We’ve already seen that the artificial pancreas can have a very positive effect on people’s lives and now, thanks to funding from the European Commission, we can see whether young children will also see these same benefits.
Type 1 diabetes is one of the most common chronic diseases in children; around one in 4,000 children under 14 years of age is diagnosed with the disease each year in the UK. The disease causes the pancreas to stop producing sufficient insulin to regulate blood sugar (glucose) levels, and poor glucose control can lead to complications including eye, heart and kidney disease. Episodes of very low glucose levels can cause serious complications and may be life threatening.
People affected by the condition have to manage their condition through long term treatment. This usually involves regular insulin injections – in some cases, several times a day. However, a team at the University of Cambridge and Cambridge University Hospitals hopes to replace these treatments with an artificial pancreas, a small, portable medical device designed to carry out the function of a healthy pancreas in controlling blood glucose levels, using digital technology to automate insulin delivery. The system is worn externally on the body, and is made up of three functional components: continuous glucose monitoring, a computer algorithm to calculate the insulin dose, and an insulin pump.
The artificial pancreas promises to transform management of type 1 diabetes. Several trials have already shown that it is effective for use both school children and adults in the home environment, and last year saw the first natural birth to a mother fitted with an artificial pancreas. However, there has as yet been no research into its use by young children at home.
Now, KidsAP, a collaboration led the University of Cambridge and involving institutes across Europe and in the US, has received a €4.6millon under the European Commission’s Horizon 2020 programme to carry out a trial of the artificial pancreas among children aged one to seven years with type 1 diabetes. Cambridge has received a €1.6m share of the grant to act as coordinator of the project.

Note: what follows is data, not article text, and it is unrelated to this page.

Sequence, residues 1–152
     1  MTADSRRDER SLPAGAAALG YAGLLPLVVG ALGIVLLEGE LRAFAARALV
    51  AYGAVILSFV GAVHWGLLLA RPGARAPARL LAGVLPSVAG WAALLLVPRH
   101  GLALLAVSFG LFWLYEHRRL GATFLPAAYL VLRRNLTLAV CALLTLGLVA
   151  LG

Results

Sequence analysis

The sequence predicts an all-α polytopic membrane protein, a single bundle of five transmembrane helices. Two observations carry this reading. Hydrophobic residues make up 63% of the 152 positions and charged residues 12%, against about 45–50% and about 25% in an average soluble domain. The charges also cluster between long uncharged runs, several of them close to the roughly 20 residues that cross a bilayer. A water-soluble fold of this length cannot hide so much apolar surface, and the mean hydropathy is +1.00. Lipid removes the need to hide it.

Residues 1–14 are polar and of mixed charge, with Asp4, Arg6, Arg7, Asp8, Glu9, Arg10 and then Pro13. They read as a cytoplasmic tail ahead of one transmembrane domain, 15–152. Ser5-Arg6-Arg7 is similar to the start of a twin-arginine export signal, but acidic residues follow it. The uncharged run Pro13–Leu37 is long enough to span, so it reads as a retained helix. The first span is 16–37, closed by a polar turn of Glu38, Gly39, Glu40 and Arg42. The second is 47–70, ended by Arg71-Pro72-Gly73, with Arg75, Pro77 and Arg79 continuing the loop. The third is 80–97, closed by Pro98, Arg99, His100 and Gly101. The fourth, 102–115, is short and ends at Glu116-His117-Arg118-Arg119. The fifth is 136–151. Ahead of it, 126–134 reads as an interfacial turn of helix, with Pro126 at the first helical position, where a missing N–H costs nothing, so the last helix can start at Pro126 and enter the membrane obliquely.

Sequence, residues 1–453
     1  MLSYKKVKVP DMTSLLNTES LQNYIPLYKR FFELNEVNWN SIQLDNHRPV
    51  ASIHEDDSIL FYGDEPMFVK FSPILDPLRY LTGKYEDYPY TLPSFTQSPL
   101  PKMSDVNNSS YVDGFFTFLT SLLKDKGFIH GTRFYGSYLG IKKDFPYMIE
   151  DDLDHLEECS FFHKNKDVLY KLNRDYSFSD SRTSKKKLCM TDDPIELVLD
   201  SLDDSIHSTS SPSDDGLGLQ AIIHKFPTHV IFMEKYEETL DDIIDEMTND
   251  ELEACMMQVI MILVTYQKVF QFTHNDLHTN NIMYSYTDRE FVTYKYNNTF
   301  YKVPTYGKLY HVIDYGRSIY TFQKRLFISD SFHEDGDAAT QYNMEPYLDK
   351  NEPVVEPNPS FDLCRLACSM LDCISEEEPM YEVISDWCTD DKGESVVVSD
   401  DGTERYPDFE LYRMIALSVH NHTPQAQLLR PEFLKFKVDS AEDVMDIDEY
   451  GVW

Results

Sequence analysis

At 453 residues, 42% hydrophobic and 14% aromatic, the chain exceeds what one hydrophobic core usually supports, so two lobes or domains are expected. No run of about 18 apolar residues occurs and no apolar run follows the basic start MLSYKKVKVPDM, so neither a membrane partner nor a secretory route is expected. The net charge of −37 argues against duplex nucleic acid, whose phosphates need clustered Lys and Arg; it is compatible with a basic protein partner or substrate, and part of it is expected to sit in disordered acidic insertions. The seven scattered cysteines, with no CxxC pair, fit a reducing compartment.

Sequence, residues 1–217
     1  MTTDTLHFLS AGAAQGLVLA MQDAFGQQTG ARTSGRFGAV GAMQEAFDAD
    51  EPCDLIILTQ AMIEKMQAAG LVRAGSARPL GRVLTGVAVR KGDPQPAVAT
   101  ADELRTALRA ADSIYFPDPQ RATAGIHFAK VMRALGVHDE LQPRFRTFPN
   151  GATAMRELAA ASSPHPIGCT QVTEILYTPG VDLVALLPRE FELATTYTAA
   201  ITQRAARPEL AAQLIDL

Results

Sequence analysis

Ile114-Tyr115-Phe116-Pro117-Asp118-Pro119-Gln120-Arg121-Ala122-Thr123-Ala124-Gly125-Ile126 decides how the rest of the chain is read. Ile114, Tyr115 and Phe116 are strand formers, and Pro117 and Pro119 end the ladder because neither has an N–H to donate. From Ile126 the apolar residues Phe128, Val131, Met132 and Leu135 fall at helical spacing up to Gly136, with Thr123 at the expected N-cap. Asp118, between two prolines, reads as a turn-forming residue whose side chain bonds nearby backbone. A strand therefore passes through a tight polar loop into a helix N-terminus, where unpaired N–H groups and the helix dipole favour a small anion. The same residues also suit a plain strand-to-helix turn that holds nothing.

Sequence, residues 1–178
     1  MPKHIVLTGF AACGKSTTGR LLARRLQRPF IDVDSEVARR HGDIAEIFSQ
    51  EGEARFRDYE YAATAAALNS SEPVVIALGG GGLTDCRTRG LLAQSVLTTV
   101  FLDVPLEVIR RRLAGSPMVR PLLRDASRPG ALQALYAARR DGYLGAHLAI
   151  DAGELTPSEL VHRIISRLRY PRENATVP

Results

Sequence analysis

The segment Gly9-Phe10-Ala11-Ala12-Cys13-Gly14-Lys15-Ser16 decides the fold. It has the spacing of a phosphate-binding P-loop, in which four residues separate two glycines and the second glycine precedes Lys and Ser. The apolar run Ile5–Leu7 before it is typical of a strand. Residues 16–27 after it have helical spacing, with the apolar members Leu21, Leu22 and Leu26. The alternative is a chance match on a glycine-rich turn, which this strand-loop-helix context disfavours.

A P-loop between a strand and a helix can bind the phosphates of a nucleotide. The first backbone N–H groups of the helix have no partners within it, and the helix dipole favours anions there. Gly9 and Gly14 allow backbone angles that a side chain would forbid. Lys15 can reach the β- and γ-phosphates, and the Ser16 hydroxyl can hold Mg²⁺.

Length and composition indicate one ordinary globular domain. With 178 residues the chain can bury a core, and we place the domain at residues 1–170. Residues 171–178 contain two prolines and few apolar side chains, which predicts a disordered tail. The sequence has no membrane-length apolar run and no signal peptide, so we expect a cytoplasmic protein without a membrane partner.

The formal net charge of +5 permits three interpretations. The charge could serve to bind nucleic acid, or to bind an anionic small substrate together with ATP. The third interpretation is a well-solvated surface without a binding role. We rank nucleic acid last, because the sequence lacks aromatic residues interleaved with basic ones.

“We’ve already seen that the artificial pancreas can have a very positive effect on people’s lives and now, thanks to funding from the European Commission, we can see whether young children will also see these same benefits,” said Dr Roman Hovorka from the Department of Paediatrics at the University of Cambridge and Addenbrooke’s Hospital, who is leading the project. “At the moment, children have to have frequent insulin injections that are at best inconvenient, but at worst painful. We hope this new technology will eliminate this need.”
An initial pilot of 24 children, the main study will split 94 children into two groups: one will be treated over a year by the artificial pancreas and the other half by state-of-the-art insulin pump therapy, already used by some adults and teenagers. The researchers will measure quality of life and investigate the impact of the two approaches on the children’s daily life, as well as looking at which is the more effective, and cost-effective, approach.
“If the artificial pancreas is shown to be more beneficial than insulin pump therapy, then we expect that it will change how type 1 diabetes is managed both nationally and internationally, with a much improved quality of life for young children,” added Professor David Dunger, collaborator on the project.